Book Review: A. R. Nanda, Bureaucrazy—The Razor’s Edge

Date01 June 2017
AuthorMadhu Bala Nath
Published date01 June 2017
Subject MatterBook Reviews
Indian Journal of Public
63(2) 302–318
© 2017 IIPA
SAGE Publications
DOI: 10.1177/0019556117699741
Book Reviews
A. R. Nanda, Bureaucrazy—The Razor’s Edge. New Delhi: Manas
Publications, 2016, 245 pp., `695.
The book entitled, ‘Bureaucrazy—The Razor’s Edge,’ is recently published by
Manas Publications. The author of the book is Mr Amulya Ratna Nanda. A post-
graduate in political science and population studies, Mr Nanda was a member of
the Indian Administrative Service (1965–2002) who held many important assign-
ments in central and state governments in India including the posts of the Registrar
General and Census Commissioner, Chairperson of the India Investment Centre
and Secretary to the Government of India in Health, Finance, Mines and Power.
This book has a unique flavour of taking the reader from the gross to the subtle,
from the human to the spiritual and from a factual existence into a mystic discovery.
This makes the book quite unusual in its presentation. This journey begins in the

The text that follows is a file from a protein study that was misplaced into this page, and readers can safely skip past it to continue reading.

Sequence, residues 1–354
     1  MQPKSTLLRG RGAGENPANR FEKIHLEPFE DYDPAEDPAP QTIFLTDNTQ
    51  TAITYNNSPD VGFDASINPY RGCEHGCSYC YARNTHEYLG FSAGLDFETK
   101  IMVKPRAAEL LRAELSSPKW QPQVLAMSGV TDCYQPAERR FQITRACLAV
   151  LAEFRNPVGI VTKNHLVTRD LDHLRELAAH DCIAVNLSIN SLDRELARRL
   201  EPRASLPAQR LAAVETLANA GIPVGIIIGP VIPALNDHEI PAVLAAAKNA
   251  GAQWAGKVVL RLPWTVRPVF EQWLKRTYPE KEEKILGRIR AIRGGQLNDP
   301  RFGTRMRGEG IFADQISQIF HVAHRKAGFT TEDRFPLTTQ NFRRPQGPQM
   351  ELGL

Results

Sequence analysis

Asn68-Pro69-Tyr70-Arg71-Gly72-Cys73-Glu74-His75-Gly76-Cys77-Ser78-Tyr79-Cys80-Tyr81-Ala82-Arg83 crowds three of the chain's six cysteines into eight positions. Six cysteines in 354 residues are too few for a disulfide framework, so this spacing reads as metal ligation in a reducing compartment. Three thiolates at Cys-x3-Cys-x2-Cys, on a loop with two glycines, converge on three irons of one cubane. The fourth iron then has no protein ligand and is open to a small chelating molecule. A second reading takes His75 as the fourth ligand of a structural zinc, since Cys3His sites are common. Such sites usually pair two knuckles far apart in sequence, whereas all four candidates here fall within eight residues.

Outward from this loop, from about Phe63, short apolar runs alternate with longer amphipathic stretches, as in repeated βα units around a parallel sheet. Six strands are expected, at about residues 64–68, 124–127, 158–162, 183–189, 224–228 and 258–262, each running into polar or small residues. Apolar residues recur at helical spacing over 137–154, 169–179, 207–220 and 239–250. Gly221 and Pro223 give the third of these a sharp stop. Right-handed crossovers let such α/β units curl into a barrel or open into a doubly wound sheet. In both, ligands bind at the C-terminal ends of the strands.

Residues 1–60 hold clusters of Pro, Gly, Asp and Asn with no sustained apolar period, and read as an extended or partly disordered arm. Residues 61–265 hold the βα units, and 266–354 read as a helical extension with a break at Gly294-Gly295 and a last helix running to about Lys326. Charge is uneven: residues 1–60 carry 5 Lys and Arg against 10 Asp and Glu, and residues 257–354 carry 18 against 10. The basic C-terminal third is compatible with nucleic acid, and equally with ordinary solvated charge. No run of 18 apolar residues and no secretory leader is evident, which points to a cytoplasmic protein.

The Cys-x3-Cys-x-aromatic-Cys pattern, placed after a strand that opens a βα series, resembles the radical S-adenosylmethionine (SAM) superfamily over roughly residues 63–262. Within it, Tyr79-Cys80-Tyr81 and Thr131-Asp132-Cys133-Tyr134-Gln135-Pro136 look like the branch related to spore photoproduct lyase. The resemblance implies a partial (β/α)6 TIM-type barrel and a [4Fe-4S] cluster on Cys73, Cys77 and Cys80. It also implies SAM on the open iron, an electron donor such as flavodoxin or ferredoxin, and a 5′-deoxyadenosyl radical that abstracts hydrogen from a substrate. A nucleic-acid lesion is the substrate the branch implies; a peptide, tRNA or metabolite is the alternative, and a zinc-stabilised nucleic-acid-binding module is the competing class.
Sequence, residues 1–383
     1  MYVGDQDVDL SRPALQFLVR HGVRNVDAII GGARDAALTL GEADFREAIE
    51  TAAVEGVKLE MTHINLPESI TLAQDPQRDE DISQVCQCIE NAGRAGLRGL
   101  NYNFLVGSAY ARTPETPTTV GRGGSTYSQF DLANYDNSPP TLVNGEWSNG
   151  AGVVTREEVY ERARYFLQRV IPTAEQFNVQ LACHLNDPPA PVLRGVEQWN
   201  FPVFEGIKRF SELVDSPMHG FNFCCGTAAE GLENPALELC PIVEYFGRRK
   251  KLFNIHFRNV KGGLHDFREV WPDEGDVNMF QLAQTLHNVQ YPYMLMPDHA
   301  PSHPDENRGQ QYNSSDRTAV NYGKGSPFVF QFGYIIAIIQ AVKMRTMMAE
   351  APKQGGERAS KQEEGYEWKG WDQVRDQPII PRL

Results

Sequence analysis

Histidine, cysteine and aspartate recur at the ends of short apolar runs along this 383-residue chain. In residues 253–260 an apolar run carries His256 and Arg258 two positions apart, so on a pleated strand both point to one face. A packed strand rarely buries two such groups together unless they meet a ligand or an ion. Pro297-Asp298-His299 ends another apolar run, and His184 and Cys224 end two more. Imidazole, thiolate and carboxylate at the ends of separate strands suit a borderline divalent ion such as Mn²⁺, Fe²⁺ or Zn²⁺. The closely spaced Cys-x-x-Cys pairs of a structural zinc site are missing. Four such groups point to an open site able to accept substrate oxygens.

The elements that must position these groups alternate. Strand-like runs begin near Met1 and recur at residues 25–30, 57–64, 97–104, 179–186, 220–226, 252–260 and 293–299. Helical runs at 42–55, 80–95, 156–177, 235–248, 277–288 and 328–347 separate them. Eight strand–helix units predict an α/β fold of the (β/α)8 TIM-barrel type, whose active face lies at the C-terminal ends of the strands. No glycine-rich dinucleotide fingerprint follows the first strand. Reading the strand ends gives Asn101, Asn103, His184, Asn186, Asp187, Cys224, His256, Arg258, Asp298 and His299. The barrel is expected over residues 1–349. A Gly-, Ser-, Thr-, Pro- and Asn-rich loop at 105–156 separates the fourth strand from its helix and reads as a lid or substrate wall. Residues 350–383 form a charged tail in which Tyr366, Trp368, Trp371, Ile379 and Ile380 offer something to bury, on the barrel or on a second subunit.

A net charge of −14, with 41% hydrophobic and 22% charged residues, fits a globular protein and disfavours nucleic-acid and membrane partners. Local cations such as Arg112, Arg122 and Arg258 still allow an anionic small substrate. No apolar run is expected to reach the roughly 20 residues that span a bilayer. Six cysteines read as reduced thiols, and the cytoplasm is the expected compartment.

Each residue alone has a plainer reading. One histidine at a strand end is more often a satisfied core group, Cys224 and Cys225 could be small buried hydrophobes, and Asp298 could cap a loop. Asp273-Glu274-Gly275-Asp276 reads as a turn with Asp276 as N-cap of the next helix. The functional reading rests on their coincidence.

prologue and continues till the epilogue. Quotations like ‘The complex interplay
of the three gunas’, ‘The gross and subtle threads of memoirs of the past’ and ‘The
karmic philosophy of deha prarabhd and karma phal’ are presented beautifully as
the author says, ‘through the eyes of the child within me in my spiritual life and
that all has been achieved by satguru’s grace’.
The book gives not only a graphic account of the author’s life journey, it is a
truthful and honest narration of his encounter with corruption, with eccentricity,
with movements, with programmes, with real lives and livelihoods of men and
women who are governed and administered by those commonly referred to as the
servants of the people. The book is therefore especially relevant for upcoming
administrators as this is a truthful and honest account tirelessly and deftly penned
into a very readable document.
The author has not just shared his experiences in how the Indian Administrative
Service situates sincere and dedicated officials at crossroads of public interest
versus private interest and more seriously of integrity versus corruption. But the
examples and anecdotes of how to tackle such situations through transparency are
quite engaging for the reader. Undertaking surprise inspections to build evidence
against corruption is a road where few would venture but the author did venture.
The challenges of a young officer handling a tribal subdivision of the state of
Odisha, dealing with the difficulties faced by exploited tribals bring out the
commitment of the author to equity and social justice. Equally interesting are real
life examples shared by Nanda as he tackled very difficult situations posed by the

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